Asia: Dictators, Authoritarian Governments, and Human Rights
When confronted by dictators and authoritarian governments, fighting for human rights such as democracy and freedom of thought anywhere is risky at best. Hopefully, these selections from the EAA archives will serve to educate students about individual action in response to authoritarian governments, as well as the human tragedies faced by common people who experience oppressive governments.
In “Kim Dae-jung’s Role in the Democratization of South Korea” (Spring 2014, Volume 19, Number 1), Edward Baker, who lived in the Republic of Korea (ROK), worked as a US House of Representatives staff member on Korean–American relations in the late 1970s, and came to know Kim Dae-jung and his wife well during their 1980s time of self-exile at Harvard, offers an excellent biography of this crusader for a democratic South Korea. Former Ambassador to the ROK Donald Gregg, who served as CIA Chief of Station in Korea (1973–1975) and later National Security Advisor for George H. W. Bush, recounts in “Korea’s Rough Road to Democracy” (Spring 2014, Volume 19, Number 1) his efforts to oppose authoritarian ROK excesses that led him for the first—and only—time in a long career in the CIA to disobey CIA orders. Some EAA readers are already familiar with the anonymous author of “Leaving North Korea: My Story” (Fall 2018, Volume 23, Number 2), but this short, yet compelling account of a millennial’s escape from North Korea should be required reading for all high school and beginning college and university students everywhere.
David Gordon in “A Tale of Two Diplomats: Ho Fengshan, Sugihara Chiune, and Jewish Efforts to Flee Nazi Europe” (Fall 2015, Volume 20, Number 2) tells the remarkable story of how, independently of each other during World War II, a Republic of China diplomat and a diplomat representing Imperial Japan managed to surreptitiously keep significant numbers of Jews out of Nazi death camps. In the 20th century, Mao Zedong holds the record for intentionally or unintentionally causing more civilian deaths in his own country than his major rivals Stalin or Hitler. Clayton Brown’s “China’s Great Leap Forward” (Winter 2012, Volume 17, Number 3) remains the best introductory article on this cataclysmic event I’ve ever read. Brown also reviewed Yang Jisheng’s poignant and definitive book, Tombstone: The Great Chinese Famine, 1958–1962 (Fall 2014, Volume 19, Number 2), in which the author recounts his own experience as a teenager burying his father, but only years later as a PRC-approved journalist slowly, but surely learned what actually happened in the Great Leap Forward.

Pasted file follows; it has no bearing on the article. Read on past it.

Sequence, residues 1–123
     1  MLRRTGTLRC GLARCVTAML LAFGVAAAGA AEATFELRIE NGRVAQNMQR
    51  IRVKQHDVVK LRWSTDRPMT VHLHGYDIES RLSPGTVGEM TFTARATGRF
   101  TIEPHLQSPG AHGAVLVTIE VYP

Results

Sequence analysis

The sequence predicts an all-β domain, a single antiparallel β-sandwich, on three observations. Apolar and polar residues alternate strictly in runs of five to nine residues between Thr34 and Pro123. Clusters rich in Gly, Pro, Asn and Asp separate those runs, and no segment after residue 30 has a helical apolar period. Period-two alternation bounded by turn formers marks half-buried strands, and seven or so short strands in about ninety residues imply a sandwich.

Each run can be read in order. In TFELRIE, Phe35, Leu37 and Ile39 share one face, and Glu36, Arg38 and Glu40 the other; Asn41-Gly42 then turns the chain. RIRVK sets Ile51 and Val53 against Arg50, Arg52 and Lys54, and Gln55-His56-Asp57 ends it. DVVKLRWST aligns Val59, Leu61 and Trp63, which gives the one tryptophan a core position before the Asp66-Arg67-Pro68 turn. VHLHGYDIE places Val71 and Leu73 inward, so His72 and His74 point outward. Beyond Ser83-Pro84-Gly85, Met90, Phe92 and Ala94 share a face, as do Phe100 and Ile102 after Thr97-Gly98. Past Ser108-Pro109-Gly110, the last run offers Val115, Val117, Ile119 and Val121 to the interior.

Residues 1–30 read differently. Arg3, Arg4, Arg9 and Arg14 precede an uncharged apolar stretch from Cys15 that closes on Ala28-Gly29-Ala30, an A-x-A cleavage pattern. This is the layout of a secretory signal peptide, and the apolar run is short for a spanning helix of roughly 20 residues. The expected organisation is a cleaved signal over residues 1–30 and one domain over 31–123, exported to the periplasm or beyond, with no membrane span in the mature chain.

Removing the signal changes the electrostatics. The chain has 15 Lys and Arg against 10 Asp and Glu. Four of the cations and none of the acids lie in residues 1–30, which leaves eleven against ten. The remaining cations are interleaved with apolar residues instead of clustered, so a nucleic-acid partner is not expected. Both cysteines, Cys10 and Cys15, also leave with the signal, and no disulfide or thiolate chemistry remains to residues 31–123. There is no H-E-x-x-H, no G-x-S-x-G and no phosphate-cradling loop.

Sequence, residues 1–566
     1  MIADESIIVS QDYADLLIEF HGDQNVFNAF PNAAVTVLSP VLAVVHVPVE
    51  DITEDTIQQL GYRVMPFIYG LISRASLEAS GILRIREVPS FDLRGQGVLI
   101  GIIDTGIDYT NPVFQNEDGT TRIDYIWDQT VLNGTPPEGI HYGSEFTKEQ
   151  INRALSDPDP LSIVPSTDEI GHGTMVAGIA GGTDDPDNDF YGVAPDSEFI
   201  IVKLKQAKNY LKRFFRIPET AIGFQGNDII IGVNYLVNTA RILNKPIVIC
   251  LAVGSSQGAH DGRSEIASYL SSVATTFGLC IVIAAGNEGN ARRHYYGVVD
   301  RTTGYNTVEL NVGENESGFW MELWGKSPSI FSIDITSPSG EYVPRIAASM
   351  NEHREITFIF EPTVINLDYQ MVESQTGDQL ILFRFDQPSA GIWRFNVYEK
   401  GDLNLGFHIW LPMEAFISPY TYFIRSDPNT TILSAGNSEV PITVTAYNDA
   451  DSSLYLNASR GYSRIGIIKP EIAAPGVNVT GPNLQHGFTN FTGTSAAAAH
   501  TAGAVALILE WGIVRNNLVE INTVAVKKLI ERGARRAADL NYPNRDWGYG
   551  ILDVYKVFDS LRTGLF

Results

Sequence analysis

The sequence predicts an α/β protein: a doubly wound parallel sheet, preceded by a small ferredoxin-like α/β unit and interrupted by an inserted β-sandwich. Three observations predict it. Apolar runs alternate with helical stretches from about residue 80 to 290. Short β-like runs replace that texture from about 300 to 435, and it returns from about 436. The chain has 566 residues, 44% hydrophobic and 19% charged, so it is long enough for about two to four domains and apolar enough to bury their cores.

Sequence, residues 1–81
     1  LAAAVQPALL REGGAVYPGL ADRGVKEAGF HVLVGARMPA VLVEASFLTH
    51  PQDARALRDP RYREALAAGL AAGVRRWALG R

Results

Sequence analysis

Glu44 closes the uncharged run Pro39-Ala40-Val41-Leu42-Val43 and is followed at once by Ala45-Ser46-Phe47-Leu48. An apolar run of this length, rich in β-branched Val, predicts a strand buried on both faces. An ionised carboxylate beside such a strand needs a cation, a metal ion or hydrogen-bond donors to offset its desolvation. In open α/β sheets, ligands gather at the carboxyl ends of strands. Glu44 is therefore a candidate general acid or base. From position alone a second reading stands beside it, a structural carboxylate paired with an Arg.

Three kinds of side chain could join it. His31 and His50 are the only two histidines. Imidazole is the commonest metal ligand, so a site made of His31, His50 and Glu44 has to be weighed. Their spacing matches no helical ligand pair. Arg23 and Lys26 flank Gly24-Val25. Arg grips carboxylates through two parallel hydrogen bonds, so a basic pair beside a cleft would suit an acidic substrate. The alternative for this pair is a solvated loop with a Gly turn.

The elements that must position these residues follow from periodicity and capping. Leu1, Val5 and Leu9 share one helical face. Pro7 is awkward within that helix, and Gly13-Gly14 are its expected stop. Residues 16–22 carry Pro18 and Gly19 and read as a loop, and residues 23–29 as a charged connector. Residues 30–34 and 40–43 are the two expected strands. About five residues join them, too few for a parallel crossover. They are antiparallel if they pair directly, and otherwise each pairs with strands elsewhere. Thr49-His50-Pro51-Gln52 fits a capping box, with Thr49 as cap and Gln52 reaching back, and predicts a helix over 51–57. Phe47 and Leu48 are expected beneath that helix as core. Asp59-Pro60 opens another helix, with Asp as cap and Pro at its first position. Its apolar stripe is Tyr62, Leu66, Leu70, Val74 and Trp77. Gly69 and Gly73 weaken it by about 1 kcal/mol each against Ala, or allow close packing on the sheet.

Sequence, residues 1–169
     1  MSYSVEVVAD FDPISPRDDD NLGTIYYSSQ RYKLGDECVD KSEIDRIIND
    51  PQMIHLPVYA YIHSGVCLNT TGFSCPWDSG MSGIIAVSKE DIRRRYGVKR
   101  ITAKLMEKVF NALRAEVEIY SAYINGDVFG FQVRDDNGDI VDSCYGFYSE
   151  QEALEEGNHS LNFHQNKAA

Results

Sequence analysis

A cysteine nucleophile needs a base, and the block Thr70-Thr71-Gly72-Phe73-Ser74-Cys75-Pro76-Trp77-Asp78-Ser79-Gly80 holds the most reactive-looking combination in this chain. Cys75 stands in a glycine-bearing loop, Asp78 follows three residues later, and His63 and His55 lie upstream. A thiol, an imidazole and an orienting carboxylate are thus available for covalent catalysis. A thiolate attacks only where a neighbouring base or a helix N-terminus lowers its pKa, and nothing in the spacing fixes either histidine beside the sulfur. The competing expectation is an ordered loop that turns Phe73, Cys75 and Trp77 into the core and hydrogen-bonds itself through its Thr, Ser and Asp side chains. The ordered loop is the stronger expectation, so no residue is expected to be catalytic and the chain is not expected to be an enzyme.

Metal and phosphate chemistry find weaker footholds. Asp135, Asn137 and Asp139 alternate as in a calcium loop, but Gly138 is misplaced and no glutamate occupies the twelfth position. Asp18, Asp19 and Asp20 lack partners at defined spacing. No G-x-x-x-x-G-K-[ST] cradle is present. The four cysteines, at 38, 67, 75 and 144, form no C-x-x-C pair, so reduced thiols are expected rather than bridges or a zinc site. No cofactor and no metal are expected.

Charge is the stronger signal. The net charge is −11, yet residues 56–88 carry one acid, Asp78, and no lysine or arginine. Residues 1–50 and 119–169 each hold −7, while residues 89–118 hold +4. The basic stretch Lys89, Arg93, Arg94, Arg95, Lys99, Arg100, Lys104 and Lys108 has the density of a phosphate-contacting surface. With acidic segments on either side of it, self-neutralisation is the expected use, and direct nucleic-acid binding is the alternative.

Other Teaching Resources: The Revolutionary
Stourwater Pictures’ remarkable award-winning 2012 documentary The Revolutionary is the incredible story of a former “true believer,” the late Sidney Rittenberg (the subject of the documentary tells his story in his own words), an exceptionally talented and completely committed communist who moved to China. Despite being accused by Stalin as being part of an international spy ring and subsequently sentenced by the PRC to six years in solitary confinement, he remained in China when his term ended and was an active speaker and supporter of the Cultural Revolution who rose to a powerful position in broadcasting. He later ran afoul of Mao’s widow and the Gang of Four and was sent to solitary confinement for ten more years. In 1980, Rittenberg returned to the US with his Chinese family and eventually became a successful liaison between American and Chinese businesses.
The film with its matter-of-fact account of Rittenberg provides an incredibly unique perspective on not only the Mao years, but his own belief system that compelled him to make his radical life choices. The film is available for purchase at Stourwater’s website and can be streamed through Amazon Prime Video. Educators are encouraged to explore other Asia-related Stourwater documentaries.